By Steve Stevens
So after a five year hiatus from Mustang competitions, we have decided to do another one.
We are planning on competing in Lexington, Kentucky, at the Extreme Mustang Makeover in early July.
I am currently on the 22nd session with our draw. We named this little draft cross with a flaxen mane “Miracle.” He gained his name due to the fact that we got the wrong mustang. He was not the one we drew for the competition. There was some sort of mix up that wasn’t figured out until he was half way home to Texas from Illinois. We also named him Miracle because of our long and hard but blessed journey we have traveled on since the last time we competed in a mustang competition.
The cool thing with working with untouched mustangs is that the trainer is fully responsible for how the mustang is, how he will become. Meaning that everything he does is because of me or his own mental and physical ability. I can’t blame the last owner or trainer.
There are no excuses.
It is a great honor and responsibility to be the first one to touch, handle and ride a wild mustang. They have very in- depth sensorial survival skills. They are also more toughened from their prior environment, so that human-horse connection can be a difficult barrier to break.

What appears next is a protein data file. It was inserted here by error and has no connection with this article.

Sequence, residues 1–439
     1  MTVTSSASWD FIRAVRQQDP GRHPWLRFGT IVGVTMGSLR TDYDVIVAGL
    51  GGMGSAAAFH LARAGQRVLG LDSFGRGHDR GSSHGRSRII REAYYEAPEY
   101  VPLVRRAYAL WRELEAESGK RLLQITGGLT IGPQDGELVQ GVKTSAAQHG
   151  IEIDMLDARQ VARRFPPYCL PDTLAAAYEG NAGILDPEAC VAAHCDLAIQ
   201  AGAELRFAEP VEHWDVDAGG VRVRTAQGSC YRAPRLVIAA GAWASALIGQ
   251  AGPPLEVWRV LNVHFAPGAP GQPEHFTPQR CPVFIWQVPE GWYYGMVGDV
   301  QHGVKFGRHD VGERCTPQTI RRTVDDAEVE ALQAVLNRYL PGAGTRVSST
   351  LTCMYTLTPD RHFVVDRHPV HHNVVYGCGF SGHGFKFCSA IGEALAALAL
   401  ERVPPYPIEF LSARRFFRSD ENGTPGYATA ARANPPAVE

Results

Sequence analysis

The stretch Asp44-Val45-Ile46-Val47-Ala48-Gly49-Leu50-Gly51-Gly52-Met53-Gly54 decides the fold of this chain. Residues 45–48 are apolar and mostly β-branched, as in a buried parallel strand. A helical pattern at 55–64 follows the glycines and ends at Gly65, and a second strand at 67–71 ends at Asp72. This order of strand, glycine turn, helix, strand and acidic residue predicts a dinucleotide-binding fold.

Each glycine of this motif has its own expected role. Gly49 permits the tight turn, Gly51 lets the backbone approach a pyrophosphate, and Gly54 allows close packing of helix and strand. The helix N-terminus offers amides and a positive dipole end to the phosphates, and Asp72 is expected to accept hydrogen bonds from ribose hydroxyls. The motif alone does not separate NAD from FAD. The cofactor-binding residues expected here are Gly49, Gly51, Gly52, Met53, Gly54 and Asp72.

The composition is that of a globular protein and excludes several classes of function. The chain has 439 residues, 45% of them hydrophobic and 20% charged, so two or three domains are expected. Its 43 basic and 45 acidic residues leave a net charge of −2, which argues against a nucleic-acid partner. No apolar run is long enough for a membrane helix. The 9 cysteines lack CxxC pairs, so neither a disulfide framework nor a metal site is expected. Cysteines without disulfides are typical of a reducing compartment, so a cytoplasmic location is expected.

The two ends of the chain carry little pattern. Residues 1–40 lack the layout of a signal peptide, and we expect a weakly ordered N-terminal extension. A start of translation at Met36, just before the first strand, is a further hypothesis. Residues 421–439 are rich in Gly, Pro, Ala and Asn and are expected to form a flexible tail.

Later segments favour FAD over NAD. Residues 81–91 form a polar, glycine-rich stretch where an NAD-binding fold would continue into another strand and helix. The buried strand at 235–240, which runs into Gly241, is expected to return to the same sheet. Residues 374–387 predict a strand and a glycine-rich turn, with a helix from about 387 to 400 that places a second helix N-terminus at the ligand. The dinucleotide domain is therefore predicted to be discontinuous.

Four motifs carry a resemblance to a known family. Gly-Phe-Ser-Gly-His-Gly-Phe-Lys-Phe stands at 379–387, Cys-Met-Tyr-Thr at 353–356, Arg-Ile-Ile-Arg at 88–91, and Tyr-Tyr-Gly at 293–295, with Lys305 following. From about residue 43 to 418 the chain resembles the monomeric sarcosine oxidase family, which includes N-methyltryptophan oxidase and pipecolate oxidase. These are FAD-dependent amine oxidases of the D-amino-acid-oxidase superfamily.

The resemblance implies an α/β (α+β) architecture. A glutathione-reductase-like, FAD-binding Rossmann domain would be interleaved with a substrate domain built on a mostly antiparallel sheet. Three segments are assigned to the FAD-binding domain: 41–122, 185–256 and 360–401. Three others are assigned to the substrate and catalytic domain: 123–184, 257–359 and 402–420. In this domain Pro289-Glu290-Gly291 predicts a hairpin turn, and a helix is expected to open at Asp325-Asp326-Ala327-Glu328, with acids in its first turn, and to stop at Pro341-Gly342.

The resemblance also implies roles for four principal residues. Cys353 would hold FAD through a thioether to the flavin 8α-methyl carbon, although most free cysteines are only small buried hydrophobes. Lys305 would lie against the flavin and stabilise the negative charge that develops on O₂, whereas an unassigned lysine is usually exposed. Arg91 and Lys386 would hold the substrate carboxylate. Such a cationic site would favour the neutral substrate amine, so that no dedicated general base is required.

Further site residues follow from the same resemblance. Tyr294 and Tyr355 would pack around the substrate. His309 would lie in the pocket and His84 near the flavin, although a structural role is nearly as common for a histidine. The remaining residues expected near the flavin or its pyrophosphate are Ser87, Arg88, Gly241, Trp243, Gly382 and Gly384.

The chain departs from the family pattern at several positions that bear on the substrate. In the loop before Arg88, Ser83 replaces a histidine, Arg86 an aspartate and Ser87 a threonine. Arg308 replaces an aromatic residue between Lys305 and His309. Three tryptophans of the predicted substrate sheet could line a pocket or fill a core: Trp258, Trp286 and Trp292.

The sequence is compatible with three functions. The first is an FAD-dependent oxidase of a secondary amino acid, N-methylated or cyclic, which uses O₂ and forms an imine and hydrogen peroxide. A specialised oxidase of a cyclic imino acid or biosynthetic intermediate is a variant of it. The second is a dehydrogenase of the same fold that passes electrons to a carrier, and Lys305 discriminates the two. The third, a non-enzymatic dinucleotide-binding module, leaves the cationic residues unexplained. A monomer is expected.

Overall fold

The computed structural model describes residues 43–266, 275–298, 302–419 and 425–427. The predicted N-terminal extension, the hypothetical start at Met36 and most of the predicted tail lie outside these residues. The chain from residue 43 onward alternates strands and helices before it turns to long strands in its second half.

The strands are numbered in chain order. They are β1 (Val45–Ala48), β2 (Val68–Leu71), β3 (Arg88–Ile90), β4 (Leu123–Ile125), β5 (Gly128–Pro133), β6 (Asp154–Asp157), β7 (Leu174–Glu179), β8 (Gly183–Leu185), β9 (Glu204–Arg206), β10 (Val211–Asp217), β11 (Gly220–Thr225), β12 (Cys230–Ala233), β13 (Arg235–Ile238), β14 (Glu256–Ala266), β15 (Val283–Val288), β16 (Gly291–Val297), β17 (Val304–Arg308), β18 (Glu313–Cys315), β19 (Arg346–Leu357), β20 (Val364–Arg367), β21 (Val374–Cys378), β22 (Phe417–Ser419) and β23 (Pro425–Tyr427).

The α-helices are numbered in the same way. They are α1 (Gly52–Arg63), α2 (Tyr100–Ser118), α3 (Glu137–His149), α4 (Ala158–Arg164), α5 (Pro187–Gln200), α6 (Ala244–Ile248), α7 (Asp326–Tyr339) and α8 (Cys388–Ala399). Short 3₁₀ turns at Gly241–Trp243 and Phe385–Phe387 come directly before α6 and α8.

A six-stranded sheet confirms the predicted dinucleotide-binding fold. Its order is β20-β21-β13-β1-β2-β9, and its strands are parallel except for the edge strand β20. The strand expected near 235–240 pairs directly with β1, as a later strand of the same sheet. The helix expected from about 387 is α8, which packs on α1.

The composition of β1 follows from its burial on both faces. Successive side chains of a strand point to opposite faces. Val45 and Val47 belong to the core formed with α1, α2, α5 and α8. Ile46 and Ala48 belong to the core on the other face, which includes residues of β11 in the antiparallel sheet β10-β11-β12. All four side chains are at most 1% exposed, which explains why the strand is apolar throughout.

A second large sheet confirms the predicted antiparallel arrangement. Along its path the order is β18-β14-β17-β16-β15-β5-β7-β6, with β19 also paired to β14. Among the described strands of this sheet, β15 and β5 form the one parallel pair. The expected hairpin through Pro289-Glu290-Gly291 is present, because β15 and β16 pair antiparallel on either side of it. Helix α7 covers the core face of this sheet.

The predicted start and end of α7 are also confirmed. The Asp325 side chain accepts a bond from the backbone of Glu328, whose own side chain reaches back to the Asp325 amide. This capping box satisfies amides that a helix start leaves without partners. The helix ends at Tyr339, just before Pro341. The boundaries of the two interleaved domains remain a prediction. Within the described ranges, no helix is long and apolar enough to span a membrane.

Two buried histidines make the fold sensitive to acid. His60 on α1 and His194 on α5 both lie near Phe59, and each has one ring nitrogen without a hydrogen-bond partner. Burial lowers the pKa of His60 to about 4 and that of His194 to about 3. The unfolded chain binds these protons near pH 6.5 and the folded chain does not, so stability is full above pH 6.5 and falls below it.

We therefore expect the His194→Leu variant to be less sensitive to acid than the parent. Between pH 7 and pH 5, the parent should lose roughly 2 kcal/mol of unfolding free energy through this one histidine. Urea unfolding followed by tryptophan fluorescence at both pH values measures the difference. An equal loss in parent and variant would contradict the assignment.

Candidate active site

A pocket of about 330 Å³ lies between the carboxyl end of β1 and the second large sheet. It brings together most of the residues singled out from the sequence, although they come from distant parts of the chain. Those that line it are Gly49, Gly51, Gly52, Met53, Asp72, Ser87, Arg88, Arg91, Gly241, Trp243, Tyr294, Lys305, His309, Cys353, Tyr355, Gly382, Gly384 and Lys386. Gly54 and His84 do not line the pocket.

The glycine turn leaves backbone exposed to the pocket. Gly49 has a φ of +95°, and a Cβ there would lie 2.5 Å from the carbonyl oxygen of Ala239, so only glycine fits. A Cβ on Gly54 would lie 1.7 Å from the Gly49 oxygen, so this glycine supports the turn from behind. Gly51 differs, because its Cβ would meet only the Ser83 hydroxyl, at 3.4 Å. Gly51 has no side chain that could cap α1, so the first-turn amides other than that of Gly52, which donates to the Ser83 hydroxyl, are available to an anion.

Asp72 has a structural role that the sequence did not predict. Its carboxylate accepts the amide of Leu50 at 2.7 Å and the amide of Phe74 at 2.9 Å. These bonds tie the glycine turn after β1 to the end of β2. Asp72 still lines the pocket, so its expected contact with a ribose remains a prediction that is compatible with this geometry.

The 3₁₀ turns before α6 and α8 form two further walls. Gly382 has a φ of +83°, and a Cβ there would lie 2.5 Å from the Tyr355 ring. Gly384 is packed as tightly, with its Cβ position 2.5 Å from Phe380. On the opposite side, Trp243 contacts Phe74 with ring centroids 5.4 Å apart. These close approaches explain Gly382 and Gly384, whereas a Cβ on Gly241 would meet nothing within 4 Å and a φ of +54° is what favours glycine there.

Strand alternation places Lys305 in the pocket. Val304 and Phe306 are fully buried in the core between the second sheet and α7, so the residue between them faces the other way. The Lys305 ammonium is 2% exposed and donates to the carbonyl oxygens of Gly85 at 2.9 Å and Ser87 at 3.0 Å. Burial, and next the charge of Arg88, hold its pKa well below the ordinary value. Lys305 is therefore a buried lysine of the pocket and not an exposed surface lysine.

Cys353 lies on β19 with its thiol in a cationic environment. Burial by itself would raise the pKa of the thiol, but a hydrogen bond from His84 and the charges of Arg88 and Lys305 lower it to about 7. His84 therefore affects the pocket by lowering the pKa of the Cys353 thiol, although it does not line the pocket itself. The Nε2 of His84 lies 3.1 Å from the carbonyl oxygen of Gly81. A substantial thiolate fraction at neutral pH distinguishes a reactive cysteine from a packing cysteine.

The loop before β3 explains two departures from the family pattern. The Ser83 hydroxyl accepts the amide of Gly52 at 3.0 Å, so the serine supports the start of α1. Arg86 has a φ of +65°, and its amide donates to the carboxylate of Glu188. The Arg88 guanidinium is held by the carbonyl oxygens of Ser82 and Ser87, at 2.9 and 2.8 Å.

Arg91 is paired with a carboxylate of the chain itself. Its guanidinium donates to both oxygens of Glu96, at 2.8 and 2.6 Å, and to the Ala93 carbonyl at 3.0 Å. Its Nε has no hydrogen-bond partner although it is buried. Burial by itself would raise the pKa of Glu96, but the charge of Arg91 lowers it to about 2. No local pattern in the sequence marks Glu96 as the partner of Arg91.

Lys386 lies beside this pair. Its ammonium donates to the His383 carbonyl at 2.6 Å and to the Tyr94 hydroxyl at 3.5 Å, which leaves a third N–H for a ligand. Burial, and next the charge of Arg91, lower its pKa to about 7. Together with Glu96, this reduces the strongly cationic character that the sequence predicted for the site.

But if you can connect with them, the rewards can be extraordinary, and the bond can be tremendous.
To start, Miracle has been a little spooky, which is to be expected. But in the grand scheme of things he is really smart and has been trying hard. We spent the first three weeks just doing groundwork: teaching him to be caught, basic lunging, desensitizing, picking up feet, leading, saddling and driving. He has had six rides on him.
He seems to be learning something new every day. We will just have to wait and see how far he can go. Right now the main goal is getting him as trained as possible.
We are working on him just being able to walk, trot and canter in the bridle, and then we will go from there. I am always doing my best to put him first and not allowing the competition to rush the process.
I truly believe that working on becoming the best trainer I can be means that I have to keep educating myself, to never stop learning. Working with mustangs can certainly widen your education and keep you humble.
We will keep updating you guys on my journey with Miracle.